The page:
Is Drug Abuse Grounds For Divorce?

Is Drug Abuse Grounds For Divorce?

Drug abuse is defined as a "dependence on an illegal drug or a medication," according to the Mayo Clinic. Whether one married partner smokes marijuana regularly, shoots heroin or relies on alcoholic drinks to function, substance addiction or abuse can wreak havoc on the relationship. Yet, is drug abuse grounds to end a marriage?

Two Types of Divorce

Each state in the U.S. sets its own grounds for permanent, legal separation. Two main types exist, however.

1.No fault allows couples to end their legal relationship based on irreconcilable differences or incompatibility. Neither spouse receives sole responsibility for the demise of the relationship.

2. At fault allows one spouse to end the relationship based on something his or her partner did wrong. Depending on the state, the wrongdoing could include:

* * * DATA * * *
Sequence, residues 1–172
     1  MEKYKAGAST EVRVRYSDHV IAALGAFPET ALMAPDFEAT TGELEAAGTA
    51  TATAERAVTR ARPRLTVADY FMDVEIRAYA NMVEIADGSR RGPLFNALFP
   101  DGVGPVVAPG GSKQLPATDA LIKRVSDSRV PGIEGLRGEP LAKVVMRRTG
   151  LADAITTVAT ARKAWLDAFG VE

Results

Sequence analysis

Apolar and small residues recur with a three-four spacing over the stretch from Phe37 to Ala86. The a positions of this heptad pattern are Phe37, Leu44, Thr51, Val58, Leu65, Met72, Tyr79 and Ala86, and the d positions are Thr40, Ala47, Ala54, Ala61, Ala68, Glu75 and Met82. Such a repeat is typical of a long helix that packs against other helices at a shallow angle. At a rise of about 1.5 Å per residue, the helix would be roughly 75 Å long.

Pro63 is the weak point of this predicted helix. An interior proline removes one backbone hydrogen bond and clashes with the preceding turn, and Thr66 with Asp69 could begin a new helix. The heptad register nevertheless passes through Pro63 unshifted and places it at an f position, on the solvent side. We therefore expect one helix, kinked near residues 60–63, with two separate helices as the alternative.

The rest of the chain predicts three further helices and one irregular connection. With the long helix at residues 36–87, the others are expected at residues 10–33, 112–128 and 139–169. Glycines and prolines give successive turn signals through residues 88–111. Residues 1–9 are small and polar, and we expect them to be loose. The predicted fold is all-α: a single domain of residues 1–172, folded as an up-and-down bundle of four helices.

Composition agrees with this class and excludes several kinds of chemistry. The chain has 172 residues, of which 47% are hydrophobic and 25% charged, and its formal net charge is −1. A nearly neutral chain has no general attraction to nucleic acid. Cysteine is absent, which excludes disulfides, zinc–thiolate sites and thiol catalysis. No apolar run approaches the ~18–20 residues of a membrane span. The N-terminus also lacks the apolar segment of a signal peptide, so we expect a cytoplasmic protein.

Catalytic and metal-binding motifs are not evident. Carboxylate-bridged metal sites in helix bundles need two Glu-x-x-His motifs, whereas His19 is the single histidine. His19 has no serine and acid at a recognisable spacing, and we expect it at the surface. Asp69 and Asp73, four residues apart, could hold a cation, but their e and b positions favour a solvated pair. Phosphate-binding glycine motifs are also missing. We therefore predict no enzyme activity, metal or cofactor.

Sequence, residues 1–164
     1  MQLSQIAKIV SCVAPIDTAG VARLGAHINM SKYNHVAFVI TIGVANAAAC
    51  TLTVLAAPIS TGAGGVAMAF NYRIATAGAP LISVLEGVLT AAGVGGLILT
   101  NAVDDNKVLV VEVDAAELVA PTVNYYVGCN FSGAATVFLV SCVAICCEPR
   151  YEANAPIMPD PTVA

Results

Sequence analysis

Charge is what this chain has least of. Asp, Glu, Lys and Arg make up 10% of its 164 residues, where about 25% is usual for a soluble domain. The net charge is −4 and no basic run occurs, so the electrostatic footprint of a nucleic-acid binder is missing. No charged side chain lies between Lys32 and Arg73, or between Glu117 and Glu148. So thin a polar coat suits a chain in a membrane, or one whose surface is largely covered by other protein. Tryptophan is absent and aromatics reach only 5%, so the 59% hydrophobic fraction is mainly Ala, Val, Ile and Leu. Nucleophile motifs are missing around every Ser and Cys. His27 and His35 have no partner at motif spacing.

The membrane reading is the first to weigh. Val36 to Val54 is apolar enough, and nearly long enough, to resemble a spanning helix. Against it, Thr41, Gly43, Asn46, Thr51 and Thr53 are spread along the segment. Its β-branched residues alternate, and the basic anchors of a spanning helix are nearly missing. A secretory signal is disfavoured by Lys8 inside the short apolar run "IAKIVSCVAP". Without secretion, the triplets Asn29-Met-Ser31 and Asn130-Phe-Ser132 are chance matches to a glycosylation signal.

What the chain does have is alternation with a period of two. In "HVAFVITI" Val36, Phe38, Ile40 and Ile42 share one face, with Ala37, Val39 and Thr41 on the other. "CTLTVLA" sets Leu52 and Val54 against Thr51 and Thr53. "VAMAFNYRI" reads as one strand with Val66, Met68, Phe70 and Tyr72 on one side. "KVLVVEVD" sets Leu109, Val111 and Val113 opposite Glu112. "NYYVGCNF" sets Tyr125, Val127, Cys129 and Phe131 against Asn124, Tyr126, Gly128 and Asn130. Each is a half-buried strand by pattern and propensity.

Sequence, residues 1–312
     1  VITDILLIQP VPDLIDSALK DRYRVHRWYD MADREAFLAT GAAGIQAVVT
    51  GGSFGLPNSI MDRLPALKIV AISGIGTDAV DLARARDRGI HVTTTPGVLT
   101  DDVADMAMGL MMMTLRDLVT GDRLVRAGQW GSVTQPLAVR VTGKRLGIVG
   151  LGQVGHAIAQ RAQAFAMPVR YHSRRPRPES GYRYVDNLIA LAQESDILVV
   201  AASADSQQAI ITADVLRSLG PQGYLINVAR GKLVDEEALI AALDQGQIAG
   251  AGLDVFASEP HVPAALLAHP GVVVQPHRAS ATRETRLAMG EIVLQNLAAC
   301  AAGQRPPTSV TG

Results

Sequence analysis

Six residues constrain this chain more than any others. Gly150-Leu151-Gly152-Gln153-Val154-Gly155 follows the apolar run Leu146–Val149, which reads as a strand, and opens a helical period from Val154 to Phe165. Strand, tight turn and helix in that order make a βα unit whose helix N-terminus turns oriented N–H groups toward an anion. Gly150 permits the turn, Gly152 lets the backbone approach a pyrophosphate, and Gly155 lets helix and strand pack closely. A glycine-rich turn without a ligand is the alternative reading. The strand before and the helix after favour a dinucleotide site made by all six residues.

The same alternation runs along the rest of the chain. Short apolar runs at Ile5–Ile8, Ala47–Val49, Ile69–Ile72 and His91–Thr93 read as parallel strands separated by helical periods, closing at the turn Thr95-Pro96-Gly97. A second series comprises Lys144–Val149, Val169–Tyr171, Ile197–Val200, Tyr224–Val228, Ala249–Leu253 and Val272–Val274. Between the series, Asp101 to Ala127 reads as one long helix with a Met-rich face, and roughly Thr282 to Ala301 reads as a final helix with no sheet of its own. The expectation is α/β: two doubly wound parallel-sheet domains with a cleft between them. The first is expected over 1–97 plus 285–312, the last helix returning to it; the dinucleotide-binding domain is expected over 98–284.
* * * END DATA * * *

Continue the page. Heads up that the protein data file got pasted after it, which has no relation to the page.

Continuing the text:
• Adultery
  • Mental illness
  • Abandonment
  • Criminal conviction
  • Drug abuse
The Role Substance Abuse Plays in a Relationship's Demise

One or both partners may use alcohol to take the edge off after stressful events or to unwind with friends on the weekend. However, drinking to function during the day or allowing alcoholic drinks to be the focus of the day is considered an addiction. That addiction can cause blackouts, memory loss, impaired judgment, depression and a host of other physical and emotional impairments. All of these side effectsadversely affect a marital relationship and family and can lead to physical, verbal or emotional abuse.

The same applies to drug use. Improper use of pills, powder and other substances produce mind-altering effects that lead to dangerous situations in the home. Adultery, imprisonment and crime, all viable reasons for a legal end to a relationship, could result.

Do Drugs Spell the End of a Relationship?

Ultimately, spouses may have grounds to end their relationship if they can prove in court that drug or alcoholism poses a threat to them or the children. Each situation is different, so a spouse must talk to an attorney for further advice.